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'Beasts of No Nation' Gets an 'A' from Indiewire


"By placing Agu in the eye of this storm, and by placing us inside Agu, Fukunaga brings home the horror and human cost of conflict and takes a faceless issue and makes us live it, experiencing the eradication of Agu's innocence as if it were our own."

Venice Review: Cary Joji Fukunaga's 'Beasts Of No Nation' Starring Idris Elba

Indiewire  - Sept. 2, 2015

By Jessica Kiang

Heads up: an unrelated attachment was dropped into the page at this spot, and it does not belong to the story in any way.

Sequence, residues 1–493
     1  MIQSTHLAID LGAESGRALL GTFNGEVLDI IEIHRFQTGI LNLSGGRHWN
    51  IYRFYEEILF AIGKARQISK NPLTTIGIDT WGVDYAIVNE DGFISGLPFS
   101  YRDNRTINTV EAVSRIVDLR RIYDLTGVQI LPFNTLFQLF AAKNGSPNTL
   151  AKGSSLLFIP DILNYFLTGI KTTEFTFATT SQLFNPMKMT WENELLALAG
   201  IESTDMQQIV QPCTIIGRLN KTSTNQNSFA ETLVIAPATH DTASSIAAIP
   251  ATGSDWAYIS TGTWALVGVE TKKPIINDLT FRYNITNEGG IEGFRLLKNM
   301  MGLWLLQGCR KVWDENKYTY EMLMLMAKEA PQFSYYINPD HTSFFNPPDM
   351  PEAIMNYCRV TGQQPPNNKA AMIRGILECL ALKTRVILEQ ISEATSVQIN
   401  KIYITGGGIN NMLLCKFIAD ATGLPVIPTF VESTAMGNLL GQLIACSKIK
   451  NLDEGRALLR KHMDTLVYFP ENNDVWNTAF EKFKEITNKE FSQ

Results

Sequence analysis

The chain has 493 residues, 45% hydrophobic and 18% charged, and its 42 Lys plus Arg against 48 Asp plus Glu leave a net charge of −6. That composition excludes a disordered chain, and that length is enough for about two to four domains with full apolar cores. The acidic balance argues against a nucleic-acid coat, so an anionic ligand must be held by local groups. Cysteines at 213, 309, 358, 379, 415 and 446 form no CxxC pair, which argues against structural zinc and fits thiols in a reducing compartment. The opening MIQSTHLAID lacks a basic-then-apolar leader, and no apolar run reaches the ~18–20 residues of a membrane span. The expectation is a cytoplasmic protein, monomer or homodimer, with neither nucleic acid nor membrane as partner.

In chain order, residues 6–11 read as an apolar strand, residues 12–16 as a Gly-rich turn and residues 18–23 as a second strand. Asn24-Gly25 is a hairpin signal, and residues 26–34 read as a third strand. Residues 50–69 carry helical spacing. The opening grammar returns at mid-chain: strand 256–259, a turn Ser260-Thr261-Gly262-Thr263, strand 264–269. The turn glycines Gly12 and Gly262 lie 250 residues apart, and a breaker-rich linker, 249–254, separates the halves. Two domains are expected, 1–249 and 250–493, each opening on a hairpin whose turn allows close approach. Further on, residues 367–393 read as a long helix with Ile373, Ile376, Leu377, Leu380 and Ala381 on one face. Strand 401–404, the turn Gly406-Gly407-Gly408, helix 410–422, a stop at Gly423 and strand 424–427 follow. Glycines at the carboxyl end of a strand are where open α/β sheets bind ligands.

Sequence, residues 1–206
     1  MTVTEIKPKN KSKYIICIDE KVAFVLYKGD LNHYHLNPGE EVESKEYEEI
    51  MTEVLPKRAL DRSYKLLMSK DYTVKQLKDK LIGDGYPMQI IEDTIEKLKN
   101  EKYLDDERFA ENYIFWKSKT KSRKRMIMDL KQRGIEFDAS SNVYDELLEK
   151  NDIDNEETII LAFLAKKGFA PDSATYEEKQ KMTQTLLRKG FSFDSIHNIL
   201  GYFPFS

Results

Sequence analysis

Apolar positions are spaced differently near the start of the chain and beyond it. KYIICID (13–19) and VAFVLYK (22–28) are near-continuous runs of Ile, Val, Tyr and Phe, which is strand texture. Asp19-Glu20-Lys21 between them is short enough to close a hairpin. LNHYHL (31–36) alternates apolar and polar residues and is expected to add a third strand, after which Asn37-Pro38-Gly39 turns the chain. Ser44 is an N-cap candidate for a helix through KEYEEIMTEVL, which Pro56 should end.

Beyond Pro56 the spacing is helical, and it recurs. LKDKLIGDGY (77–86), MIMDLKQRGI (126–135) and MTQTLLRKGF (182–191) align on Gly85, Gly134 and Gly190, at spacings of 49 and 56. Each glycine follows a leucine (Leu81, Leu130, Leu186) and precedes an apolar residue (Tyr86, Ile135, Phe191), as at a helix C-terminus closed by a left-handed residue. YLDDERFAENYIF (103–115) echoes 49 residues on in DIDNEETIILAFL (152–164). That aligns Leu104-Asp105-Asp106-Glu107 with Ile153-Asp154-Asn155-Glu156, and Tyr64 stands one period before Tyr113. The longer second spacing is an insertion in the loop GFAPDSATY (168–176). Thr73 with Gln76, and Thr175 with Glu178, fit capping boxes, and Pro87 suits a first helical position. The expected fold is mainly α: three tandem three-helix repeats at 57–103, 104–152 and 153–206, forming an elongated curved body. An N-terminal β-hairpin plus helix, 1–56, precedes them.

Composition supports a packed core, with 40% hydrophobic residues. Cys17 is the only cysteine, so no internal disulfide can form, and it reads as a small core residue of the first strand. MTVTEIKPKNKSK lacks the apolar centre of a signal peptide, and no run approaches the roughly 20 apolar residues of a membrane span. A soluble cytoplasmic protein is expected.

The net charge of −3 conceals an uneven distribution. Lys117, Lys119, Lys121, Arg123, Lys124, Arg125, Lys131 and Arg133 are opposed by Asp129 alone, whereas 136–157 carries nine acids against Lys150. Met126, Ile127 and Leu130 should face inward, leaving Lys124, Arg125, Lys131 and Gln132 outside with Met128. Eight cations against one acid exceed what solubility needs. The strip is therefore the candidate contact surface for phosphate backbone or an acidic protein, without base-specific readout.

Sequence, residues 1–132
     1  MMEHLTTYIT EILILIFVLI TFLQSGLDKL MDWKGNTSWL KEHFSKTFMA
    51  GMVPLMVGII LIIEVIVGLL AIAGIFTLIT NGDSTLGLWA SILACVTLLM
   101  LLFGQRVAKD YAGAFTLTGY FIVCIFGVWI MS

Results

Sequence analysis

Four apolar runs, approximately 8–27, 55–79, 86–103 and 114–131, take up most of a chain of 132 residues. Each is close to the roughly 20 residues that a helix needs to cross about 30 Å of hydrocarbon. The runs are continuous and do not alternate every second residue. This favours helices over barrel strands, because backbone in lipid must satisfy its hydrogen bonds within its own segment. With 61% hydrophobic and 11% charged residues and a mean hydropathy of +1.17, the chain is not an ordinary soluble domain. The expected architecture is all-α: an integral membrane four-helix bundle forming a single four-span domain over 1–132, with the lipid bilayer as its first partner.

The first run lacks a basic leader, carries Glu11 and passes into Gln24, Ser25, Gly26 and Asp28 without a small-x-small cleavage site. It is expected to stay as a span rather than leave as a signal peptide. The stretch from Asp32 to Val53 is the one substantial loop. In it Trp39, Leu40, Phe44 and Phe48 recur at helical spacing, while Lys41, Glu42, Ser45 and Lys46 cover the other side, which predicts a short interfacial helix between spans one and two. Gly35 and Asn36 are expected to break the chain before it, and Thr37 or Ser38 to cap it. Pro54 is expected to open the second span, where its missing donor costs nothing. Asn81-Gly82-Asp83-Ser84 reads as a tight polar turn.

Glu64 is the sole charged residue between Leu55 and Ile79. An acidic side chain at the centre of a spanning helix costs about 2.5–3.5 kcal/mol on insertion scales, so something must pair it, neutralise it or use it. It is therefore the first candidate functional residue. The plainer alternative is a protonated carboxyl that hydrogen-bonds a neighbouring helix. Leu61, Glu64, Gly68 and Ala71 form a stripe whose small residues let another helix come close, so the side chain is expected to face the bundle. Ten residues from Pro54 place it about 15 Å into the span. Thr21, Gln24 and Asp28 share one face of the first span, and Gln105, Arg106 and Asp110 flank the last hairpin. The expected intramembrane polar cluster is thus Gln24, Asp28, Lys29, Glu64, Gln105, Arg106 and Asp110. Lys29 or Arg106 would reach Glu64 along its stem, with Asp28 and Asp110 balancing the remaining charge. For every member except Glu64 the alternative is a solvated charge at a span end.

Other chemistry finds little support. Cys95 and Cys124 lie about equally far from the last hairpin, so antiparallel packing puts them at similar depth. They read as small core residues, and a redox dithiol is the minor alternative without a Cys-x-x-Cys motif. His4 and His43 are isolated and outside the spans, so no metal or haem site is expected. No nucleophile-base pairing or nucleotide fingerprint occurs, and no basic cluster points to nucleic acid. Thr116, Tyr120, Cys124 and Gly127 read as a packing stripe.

Surely one of the most beautiful films about ultimate ugliness ever, Cary Joji Fukunaga's immersive and profoundly moving "Beasts of No Nation" is a hollowing experience — it reaches in and scoops you out, piece by piece, until all that's left is a cavernous shame at being a person who lives in a world where this  story can happen. In this it is exactly the film that needed to be made about the ultimate degradation of morality represented by the practise of turning children into soldiers, and exactly the film that Uzodinma Iweala's remarkable novel deserved to inspire. Matching Fukunaga's proven storytelling grace with a story truly worth the telling, the result is explosively authentic and yet lyrical, making an utterly inhumane and alien situation both completely real and completely abstract. It becomes the cumulative anguish of so many similar stories (our press notes suggest there are anything from 250,000 to 500,000 child soldiers in existence right now) distilled into one small boy. And the battleground is not just the dilapidated towns and jungles of his unnamed African home, but the far more valuable and vast territory of his soul. Read more here.

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